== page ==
Likewise in horsemanship, the enigmatic sixth sense of a horse-whisperer can not stand alone. Ever grateful to her father, whose kind and persistent nudges urged persistence and self-acceptance in spite of occasional failure, Joleen recounted on paper an early memory of riding her first horse, Firecracker, to indicate the role her dad played in her development as both a siren of the saddle and as a human being. "The first time Firecracker got excited and did a bucking fit with me, I was four years old and just about ready to end my riding days right there and then! But my father wiped my tears and said, ''It''s OK!'' Then he put me back in the saddle."
Forging a Cultural Identity
Born Joleen Lambert, she is part of one of the oldest ranching families in East Carmel Valley. As in any charismatic dynasty, being born a Lambert has a certain built-in prestige about it, not because they have airs or pretensions but because they are respectable folk who have made a name for themselves in horsemanship and hospitality and have that familial strain of uniqueness that draws people to them.
The Lambert ranchhouse on Tassajara was her childhood home. I only know it as it is now--quaint, but forlorn and lonely. In its heyday, it teemed with friends and family. Set in an oak- and madrone-lined valley beside a creek, it''s a white and green farmhouse that faces the road and the pastures beyond it. It''s an unpretentious and charming set-up that out-of-town vehicles take notice of as they pass on through to hunt or hike in the Ventana Wilderness or soak in the Tassajara hot springs.
Owned by the Lamberts for a good part of the 20th century, the ranchhouse was the social center for Jamesburg. A wooden table 15 feet long welcomed neighbors and travelers for meals and conversations with Joleen''s Grandpa Bill. The archetypal ranch patriarch, he always sat at the head of the table with a deck of cards and a spittoon cup for his chew. Spinning tales and telling jokes, Grandpa Bill provoked guffaws and knee-slaps that echoed down the canyon walls into the valley. For the moment, it was wholesome frontier fun, but in the bigger picture, the Lamberts were forging Cachagua''s cultural identity.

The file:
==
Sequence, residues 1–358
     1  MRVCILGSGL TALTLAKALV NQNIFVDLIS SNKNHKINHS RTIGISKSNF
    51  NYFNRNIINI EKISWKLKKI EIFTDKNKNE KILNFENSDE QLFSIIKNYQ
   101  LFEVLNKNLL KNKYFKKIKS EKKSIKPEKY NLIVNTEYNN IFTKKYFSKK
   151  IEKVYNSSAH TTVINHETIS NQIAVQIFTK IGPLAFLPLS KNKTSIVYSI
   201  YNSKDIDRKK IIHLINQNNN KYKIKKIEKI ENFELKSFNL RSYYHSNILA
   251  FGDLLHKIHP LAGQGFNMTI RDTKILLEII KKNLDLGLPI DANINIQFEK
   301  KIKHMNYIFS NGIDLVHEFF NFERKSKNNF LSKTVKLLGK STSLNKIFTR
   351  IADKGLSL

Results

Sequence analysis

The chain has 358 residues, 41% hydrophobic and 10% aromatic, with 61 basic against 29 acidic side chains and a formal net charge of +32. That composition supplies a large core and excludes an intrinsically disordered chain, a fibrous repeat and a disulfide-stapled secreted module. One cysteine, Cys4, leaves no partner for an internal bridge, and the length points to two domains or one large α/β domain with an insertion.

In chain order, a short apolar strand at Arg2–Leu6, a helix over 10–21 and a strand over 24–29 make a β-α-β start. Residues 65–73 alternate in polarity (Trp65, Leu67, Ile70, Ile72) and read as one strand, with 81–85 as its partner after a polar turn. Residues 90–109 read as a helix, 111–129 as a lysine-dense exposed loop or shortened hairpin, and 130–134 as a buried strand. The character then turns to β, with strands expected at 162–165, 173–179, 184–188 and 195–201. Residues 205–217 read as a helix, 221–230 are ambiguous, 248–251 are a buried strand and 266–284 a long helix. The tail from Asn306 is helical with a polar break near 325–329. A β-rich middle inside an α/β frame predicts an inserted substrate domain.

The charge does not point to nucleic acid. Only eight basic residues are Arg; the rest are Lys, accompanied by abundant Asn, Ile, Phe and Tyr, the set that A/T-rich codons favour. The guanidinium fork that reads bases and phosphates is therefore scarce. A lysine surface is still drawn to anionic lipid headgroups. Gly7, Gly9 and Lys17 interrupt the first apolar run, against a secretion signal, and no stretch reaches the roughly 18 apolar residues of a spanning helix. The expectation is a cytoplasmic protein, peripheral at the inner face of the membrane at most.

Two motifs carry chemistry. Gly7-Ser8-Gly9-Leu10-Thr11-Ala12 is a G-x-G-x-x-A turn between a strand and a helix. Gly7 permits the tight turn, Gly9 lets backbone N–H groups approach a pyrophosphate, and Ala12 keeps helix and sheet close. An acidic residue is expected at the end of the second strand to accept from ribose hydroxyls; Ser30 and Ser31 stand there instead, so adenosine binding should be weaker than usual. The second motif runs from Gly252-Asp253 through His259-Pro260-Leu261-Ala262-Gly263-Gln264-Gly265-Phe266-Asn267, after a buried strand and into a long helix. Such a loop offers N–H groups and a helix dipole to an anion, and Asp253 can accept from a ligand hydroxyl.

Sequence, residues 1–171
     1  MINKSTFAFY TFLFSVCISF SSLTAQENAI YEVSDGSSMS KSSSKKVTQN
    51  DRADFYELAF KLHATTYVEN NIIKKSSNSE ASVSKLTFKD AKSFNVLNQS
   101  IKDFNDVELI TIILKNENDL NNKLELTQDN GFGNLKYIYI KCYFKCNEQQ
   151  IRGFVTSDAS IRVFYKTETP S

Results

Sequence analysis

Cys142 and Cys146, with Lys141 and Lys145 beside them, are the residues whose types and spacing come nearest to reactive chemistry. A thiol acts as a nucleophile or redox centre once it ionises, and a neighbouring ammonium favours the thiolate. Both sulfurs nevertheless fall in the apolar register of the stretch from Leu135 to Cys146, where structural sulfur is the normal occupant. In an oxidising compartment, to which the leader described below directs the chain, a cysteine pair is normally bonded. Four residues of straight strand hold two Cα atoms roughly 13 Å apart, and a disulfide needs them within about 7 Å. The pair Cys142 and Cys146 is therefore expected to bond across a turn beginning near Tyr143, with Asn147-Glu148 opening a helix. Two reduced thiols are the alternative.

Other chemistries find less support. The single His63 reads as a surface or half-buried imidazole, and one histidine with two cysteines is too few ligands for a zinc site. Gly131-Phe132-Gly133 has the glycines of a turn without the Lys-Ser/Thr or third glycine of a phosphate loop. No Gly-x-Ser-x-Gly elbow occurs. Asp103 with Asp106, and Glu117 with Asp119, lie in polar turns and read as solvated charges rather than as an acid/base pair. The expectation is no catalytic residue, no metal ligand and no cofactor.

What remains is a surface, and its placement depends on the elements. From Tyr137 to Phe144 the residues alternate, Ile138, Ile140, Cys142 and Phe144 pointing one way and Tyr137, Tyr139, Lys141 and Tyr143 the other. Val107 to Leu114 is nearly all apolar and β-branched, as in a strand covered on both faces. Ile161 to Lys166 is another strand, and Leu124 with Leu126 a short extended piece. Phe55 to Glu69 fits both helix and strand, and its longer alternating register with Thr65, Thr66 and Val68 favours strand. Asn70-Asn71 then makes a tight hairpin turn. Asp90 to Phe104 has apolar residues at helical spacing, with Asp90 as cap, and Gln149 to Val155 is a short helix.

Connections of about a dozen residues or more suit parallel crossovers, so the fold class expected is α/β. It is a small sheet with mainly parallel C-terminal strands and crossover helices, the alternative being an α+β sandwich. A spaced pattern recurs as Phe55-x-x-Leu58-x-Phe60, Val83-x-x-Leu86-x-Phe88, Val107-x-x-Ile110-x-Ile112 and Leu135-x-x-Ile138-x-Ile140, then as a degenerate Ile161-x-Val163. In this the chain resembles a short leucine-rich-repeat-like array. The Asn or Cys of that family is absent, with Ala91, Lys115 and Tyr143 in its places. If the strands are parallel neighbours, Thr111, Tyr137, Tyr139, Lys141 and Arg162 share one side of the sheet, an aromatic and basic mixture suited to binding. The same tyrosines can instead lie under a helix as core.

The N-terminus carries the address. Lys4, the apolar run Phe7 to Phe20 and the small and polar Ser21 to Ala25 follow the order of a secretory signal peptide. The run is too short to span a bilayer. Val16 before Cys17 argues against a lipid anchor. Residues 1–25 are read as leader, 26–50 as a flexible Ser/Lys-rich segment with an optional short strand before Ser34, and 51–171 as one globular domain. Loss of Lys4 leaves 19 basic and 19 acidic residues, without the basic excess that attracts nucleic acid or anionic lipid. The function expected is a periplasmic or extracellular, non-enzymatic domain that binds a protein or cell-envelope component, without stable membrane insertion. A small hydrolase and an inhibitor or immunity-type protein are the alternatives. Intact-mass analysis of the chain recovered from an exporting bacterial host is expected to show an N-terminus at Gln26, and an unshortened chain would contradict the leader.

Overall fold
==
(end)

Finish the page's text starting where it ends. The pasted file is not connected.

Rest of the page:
During Joleen''s childhood in the 1970s and early ''80s, this culture was still alive and well. But the changing face of the nation was frowning on the old ways and something had to give. The Lambert ranch was subdivided, the ranchhouse sold, and the family splintered into myriad nucleic domains.
I asked Joleen about cowboy culture today and about its future. She took my notebook and wrote: "I do see the embers still burning for cowboys of the Valley. There are those who just have the land, the sky and the livestock in their blood, their system and their dreams. Maybe with cell phones and quad runners, it makes everything easier and more accessible, but the basics--a good horse, rope and a cow dog--are still essential. Yes, I can see cowboy culture struggling, yet prevailing through modern times for as long as some still got the fire in them!"
Joleen is a testament to this brand of folk inextricably tied to the land and a rough-and-tumble lifestyle. In a land of narrow roads and April snow, she and her fellow cowboys and cowgirls are abiding of no time constraints apart from the rising and the setting of the sun, encountering traffic only when a herd of cattle mosey across the road.
Dusk settled as I tied up Freckles and prepared to walk up the hill to my own home. I stopped at the ring to wave good-bye. The cowgirl turned her mount as gently as a whip cream swirl, dismounted and hugged me warmly. I faded into the madrone forest and glanced one last time over my shoulder to see her mounted again, her horse carrying into the sunset as smooth as a gliding paperplane courses the wind.